Editorial note: I originally wrote this post for the Monitis blog. You can check out the original here, at their site. While you’re there, have a look around at the different types of production monitoring that they offer.
I worked as a software engineer for almost the entire decade of the 2000s. While I was earning a living this way, computers were making their way from CS student dorm rooms to Grandma’s den. Like so many other programmers of the time, I thus acquired the role of unofficial tech support for computer illiterate friends and family. I do not miss those days in which malware detection became an involuntary hobby.
Back in 2005, everyone had computers with Windows XP or Windows 98. And every computer with Windows XP or Windows 98 seemed to attract malware like flies to flypaper. So I found myself sitting in front of CRT monitors next to dusty towers, figuring out why nothing worked.
I still kind of remember the playbook. For instance, Lavasoft had a product called Ad Aware. I also seem to recall something called MalwareBytes. I favored these because I could download them for free. At least, I could download them for free assuming the victim’s computer was even capable. With those tools in place, and with a heaping helping of googling from my own laptop, I would painstakingly scan, sweep, remove, tweak, and repeat. Eventually, I won. Usually.
It seems strange to think about now. Ten or twelve years ago, consumers compared brands of antivirus software the way we compare music apps on our phones. Malware detection dominated our computing consciousness, even for casual users. But today? I can’t remember the last time I ran an antivirus scan on my laptops. I suspect you can’t either. So what happened to all of this malware? Did it simply disappear?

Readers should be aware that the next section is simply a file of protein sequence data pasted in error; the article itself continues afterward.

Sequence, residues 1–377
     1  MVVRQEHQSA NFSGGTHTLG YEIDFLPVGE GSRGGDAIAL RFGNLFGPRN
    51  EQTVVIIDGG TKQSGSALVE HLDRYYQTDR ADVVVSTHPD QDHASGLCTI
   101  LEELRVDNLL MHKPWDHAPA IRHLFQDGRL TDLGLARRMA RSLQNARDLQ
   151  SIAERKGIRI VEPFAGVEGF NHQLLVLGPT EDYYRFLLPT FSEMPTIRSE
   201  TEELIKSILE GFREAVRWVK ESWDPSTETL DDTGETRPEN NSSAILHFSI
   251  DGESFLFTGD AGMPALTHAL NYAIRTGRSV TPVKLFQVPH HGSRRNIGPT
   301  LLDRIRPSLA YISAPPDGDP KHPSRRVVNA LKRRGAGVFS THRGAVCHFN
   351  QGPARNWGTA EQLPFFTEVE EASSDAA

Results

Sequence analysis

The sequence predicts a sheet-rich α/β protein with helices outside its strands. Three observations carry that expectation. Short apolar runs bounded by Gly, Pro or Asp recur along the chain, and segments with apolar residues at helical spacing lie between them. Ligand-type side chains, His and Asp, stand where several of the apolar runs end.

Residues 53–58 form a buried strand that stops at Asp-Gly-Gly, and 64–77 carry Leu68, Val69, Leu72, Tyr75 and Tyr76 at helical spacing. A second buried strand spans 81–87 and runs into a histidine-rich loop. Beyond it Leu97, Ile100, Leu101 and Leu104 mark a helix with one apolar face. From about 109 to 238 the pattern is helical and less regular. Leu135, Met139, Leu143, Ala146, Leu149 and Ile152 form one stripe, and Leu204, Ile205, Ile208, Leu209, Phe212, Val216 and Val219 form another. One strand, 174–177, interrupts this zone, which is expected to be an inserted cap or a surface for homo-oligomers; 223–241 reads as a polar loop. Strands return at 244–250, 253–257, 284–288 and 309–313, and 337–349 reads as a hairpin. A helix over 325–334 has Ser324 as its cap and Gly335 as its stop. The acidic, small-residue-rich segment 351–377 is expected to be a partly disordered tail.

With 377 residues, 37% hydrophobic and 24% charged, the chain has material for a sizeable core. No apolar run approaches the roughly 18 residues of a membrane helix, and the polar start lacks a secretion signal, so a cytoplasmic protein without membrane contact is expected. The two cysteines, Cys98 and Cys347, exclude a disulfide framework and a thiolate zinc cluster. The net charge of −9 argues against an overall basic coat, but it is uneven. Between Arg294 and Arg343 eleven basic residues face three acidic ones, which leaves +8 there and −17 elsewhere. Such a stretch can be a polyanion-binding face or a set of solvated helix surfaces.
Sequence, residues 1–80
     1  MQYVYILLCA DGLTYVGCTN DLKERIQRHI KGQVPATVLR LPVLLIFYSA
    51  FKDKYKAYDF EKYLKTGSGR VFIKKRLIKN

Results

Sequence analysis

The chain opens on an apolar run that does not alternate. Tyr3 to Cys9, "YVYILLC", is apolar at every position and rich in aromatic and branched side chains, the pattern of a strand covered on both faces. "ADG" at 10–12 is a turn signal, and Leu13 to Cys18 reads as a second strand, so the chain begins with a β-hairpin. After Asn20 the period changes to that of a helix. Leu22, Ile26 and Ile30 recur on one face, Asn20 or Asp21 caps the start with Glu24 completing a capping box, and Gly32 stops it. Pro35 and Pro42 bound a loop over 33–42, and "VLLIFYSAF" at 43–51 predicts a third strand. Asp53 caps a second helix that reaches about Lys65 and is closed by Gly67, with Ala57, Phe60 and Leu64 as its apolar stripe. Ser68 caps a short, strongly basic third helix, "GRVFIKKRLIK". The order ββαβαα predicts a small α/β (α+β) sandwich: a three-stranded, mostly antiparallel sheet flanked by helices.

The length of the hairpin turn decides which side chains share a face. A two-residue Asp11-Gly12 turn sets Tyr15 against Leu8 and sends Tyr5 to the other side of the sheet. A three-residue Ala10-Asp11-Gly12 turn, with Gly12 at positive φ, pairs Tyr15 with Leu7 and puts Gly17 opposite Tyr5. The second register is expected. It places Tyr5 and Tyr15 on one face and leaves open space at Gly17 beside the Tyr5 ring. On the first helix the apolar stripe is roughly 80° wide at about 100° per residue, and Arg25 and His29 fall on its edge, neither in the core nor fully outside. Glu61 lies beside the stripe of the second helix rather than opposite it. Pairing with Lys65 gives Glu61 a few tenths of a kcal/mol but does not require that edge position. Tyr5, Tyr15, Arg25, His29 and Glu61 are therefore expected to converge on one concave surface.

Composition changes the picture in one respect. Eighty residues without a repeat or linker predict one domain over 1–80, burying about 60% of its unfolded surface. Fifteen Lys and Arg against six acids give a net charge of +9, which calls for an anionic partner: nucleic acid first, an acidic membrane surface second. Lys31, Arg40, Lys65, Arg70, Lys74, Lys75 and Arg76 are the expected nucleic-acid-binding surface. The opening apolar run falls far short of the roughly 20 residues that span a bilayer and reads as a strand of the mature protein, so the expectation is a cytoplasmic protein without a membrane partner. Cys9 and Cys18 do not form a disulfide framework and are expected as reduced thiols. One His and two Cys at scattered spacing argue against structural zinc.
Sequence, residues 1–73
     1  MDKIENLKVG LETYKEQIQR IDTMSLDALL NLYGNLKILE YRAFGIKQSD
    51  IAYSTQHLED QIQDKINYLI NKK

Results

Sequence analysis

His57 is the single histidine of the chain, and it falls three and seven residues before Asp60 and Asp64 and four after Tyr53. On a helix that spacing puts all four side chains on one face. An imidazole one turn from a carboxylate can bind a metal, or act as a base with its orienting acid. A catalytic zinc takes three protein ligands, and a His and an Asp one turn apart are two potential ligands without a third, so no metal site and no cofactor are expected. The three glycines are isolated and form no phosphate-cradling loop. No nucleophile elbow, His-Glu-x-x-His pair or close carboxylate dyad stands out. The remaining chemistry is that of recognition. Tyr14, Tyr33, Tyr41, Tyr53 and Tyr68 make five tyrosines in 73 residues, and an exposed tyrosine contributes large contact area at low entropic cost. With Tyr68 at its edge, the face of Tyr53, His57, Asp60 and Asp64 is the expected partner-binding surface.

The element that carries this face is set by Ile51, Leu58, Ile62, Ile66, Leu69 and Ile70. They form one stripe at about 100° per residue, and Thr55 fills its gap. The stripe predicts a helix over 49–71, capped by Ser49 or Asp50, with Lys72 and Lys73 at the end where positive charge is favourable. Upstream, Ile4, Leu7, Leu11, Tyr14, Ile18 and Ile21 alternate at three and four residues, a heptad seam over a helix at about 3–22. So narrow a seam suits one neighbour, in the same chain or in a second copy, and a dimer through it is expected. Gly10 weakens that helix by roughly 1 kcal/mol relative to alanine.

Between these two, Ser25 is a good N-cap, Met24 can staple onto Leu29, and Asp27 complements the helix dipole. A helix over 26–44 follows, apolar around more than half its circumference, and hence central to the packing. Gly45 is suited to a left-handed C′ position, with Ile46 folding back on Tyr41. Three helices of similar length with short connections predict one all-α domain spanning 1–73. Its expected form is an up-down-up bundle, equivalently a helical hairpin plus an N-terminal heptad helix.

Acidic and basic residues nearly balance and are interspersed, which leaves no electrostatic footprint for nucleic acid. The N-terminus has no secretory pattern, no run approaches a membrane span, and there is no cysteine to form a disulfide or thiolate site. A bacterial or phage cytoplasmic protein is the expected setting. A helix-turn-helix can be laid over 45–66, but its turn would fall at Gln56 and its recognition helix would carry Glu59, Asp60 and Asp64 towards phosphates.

The Silencing of Malware
Well, no. Malware didn’t disappear. The criminals and spammers of the world didn’t just one day decide to do something better with their lives. In fact, you might argue that they became more effective.
Most of the pieces of malware from my younger days had lots of bark and little bite. They’d install themselves on your computer and hijack your browser with obnoxious graphics or spew error messages until your machine crashed. Some came from would-be vandals, while others tried unsuccessfully to do things sneakily.
But causing some computer neophyte to say “this doesn’t seem right” and call up a young me to fix things — well, it hardly constitutes successful sneaking. It always seemed, in those days, that malware authors sought mainly to annoy. And malware detection and removal sought to fix the inconvenience.
In more recent years, however, the consumer annoyance factor has mostly disappeared. Why? Because there’s no profit in it. Today’s malware instead aims to help its authors and users make money. It does this by quietly gathering data, sending out spam, gaming search engines, and stealing information. And it does all of this under the radar.